The two (of my favorite) podcasts, along with the guys behind the YouTube channel Man vs Meeple, are hosting an epic night of laughs, gaming, drinking and debauchery*, at Callahan’s Columbus at 7pm on Thursday night. Druid City Games and Skybound Games are sponsoring the event, while 25 or so other gaming companies have donated games to be given away to some of the attendees of the meet-up. If you’re coming to Origins, want to meet fellow gamers, and instantly feel welcome, this will be the event for you! Just head over to the Facebook event page and RSVP (not required, just appreciated) Oh, I also think there’s a 90’s dance party afterwards…

*Debauchery not guaranteed (but likely)*


Reef

Next Move Games had a major hit on their hands when they released the (now) 2018 Spiel Des Jahres nominee, Azul, a beautful, chunky tile drafting game. The game has enamored gamers of all levels, based on how easy the game is to teach, as well as an inherent need to try and eat the tiles that look like Starbursts. However, in 2018, Next Move Games is releasing the second game in their line, Reef by Emerson Matsuuchi. In Reef, players have a grid in front of them which they will fill with different colored reef pieces. On your turn you either draw a card from the display or play a card, which will allow you to draw reef pieces (which you must place) – AND – score your reef if possible. However, after placing your pieces, to score the patterns, it only matters from the top down view, so you need to try and plan ahead on how you’ll stack and build your reef to build up combos during the game. This one looks simple to teach, but could have some pretty good depth to it.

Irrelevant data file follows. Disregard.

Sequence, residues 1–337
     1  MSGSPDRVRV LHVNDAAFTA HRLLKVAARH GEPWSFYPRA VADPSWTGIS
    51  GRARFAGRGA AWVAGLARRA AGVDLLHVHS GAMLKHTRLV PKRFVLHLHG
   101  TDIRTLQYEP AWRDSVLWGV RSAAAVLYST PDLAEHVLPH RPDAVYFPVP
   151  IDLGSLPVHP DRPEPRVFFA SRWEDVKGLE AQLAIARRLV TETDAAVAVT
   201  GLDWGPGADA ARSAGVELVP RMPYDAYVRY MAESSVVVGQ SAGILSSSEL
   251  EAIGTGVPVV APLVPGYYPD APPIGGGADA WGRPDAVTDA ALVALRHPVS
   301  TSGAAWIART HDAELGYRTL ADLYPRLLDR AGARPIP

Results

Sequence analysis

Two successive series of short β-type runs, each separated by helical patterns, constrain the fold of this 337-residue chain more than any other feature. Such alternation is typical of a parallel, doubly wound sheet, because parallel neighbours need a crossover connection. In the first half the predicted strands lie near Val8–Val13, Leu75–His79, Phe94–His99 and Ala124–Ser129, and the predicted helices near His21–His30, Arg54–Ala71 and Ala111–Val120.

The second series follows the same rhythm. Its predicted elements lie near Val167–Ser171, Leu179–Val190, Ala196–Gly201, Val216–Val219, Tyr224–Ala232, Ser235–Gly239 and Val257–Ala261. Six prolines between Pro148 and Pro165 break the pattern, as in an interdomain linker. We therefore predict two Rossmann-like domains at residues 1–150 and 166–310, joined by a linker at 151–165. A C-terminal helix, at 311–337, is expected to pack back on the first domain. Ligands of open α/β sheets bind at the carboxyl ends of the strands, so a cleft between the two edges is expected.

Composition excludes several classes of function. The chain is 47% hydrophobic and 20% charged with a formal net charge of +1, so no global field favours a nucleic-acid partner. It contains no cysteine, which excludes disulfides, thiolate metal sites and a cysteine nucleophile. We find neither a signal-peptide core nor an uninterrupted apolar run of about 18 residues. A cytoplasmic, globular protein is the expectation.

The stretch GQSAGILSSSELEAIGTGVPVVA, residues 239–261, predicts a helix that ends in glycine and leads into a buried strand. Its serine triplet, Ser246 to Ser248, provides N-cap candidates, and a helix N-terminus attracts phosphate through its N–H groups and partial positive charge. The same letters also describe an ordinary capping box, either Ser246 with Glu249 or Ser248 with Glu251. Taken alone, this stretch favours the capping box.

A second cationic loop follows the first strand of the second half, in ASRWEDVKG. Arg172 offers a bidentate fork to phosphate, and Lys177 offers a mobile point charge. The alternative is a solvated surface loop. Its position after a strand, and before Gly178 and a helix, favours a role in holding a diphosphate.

Escape Plan

Twitter: @ianotooletweets

I’ll be perfectly honest, I do not know entirely too much about Escape Plan, other than the fact that it has a theme I love. I’ll let Board Game Geek’s description give you an overview of what the game’s theme entails:

After a successful bank heist, you and your fellow thieves are laying low and enjoying the good life. Most of the cash has been hidden away, and the rest has been invested in businesses throughout the city. Everything is going according to plan until the police get a breakthrough in their investigation. Accusations are made, fingers are pointed, and after a heated argument, you decide to go your separate ways.
Chaos ensues as the SWAT team is called in and start to close off the city’s exits. Your only choice now is to escape the city before it is completely locked down. But you need a plan — a good route that allows you to leave the city while recovering as much of the money as possible.”